Core tip: Persons with type 2 diabetes mellitus (T2DM) have a higher rate of morbidity and mortality compared with those without diabetes. Prevention is the best way of reducing the risk in this population. Unlike the general population, the predictive value of resting heart rate for mortality in persons with T2DM is not well established. We used baseline data and a median of 8.5 years of follow up from the Diabetes Heart Study to show that resting heart rate is an independent predictor of mortality in individuals with T2DM. Our data suggests that efforts that reduce heart rate in T2DM may be useful.



INTRODUCTION

Diabetes mellitus is a major health problem affecting 29.1 million (9.3%) Americans[1-3]. Type 2 diabetes mellitus comprises 90-95% of these diagnosed cases[1,2]. The Center for Disease Control (CDC) estimates that one-third of Americans will develop type 2 diabetes at some point in their lifetime. Cardiovascular disease (CVD) death rates are 1.7 times higher for adults with diabetes than those without diabetes[1]. Understanding which specific factors and findings are associated with increased risk of mortality may help us prognosticate patients as well as provide specific, earlier therapies for those at highest risk.

Resting heart rate (RHR) is an easily and ubiquitously collected vital sign at every clinical patient encounter. RHR is a function of many factors including recent activity, tobacco use, medications, emotional stability, air temperature, and position[4-7]. Resting heart rate is associated with increased cardiovascular risk in the general population[4-18]. Zhang et al[4] in meta-analysis of 46 studies including 1246203 patients showed that higher resting heart rate is associated with increased risk of all-cause and cardiovascular mortality, independent of traditional cardiovascular risk factors. Zhang et al[4] hypothesized that association is due to higher resting heart rate signaling an imbalance between vagal and sympathetic tone and thus dysfunctional autonomic nervous system activity. The prevalence of autonomic dysfunction is very high in individuals with diabetes mellitus raising the possibility that resting heart rate may not be as informative as a risk marker in diabetes as in the general population. It remains unclear if the association between resting heart rate and CVD risk exist in higher risk populations such as those with type-2 diabetes mellitus[19-25]. We sought to examine the association between resting heart rate, all-cause and CVD mortality in individuals with type 2 diabetes in the Diabetes Heart Study (DHS).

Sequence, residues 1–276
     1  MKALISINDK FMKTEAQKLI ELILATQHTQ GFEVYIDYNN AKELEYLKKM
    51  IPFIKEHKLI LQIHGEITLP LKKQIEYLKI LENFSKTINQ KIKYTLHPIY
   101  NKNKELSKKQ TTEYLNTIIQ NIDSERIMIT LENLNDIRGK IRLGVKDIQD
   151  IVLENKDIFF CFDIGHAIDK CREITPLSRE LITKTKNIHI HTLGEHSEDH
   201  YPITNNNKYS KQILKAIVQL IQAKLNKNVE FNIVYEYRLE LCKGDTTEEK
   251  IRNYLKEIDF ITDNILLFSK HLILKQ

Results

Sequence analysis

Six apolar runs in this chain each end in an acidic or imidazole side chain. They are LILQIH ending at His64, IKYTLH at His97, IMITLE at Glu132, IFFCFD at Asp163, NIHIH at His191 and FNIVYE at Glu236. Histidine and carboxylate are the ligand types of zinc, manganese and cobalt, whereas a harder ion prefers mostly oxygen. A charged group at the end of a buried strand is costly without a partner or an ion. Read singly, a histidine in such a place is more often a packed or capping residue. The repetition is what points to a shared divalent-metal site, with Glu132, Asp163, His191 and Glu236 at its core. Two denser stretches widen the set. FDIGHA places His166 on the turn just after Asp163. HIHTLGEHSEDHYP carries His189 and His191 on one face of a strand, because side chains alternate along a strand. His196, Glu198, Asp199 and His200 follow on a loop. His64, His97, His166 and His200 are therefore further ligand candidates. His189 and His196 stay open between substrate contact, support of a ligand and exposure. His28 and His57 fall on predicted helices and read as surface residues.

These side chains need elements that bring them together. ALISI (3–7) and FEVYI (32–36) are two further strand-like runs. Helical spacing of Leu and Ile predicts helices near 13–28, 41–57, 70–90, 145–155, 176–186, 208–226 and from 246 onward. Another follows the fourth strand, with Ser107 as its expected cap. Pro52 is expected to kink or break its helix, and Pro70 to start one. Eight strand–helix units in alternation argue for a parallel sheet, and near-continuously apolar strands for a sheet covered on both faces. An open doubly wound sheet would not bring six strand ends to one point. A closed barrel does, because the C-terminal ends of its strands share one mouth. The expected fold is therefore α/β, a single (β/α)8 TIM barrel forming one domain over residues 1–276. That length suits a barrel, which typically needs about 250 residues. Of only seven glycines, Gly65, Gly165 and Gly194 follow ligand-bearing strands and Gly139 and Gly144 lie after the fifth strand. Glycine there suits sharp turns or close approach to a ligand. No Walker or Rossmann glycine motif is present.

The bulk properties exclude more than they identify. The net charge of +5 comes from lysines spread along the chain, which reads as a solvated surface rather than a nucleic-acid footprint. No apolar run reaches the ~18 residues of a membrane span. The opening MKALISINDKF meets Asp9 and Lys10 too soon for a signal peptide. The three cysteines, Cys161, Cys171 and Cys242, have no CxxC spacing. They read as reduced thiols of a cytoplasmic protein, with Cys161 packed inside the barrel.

MATERIALS AND METHODS
Study population

The details of the National Institutes of Health -funded Diabetes Heart Study have been published[26-30]. There were 1443 type 2 diabetic concordant siblings from 564 different families included in the study. Type 2 Diabetes mellitus (DM) was defined as diagnosed diabetes after 35 years of age managed with oral agents and/or insulin without any history of diabetic ketoacidosis. Of these participants, 85% are European Americans and 15% are African Americans. From 1998 to 2005, participants were recruited primarily from western North Carolina from outpatient medicine clinics, health fairs, community outreach programs, and referrals by physicians without any inclusions or exclusions based on prior cardiovascular disease history. Potential participants were recruited by letters which included a telephone number to call if interested. Interviews were performed by telephone and then by an examination visit. Potential participants were sent the informed consent forms and questionnaires before their examination visits for them to review. Written informed consent was obtained at these visits for all participants. The Wake Forest School of Medicine Institutional Review Board approved all study protocols. The study sample represents a cross-section of the diabetic community living in western North Carolina.

Participant examination visits were performed in the General Clinical Research Center at Wake Forest Baptist Medical Center. Exams included medical history and health behavior interviews. In addition, anthropometric measures, blood pressure, fasting blood draw, and a spot urine collection were measured. Laboratory analyses included total cholesterol, low-density lipoprotein cholesterol, high-density lipoprotein cholesterol, triglycerides, fasting glucose, glycated hemoglobin, blood chemistries, and urine albumin and creatinine. Prior CVD history was based on each participant’s history including events (heart attack, stroke) and/or interventions (coronary artery bypass grafting, carotid endarterectomy, coronary angiography. Hypertension was defined as blood pressure measurements over 140 mmHg systolic/90 mmHg diastolic or prescription of anti-hypertensive medication. The four-variable Modification of Diet in Renal Disease equation was used to calculate estimated glomerular filtration rate (eGFR). In DHS patients’ medication list was not rigorously collected during the baseline exam and therefore is not complete.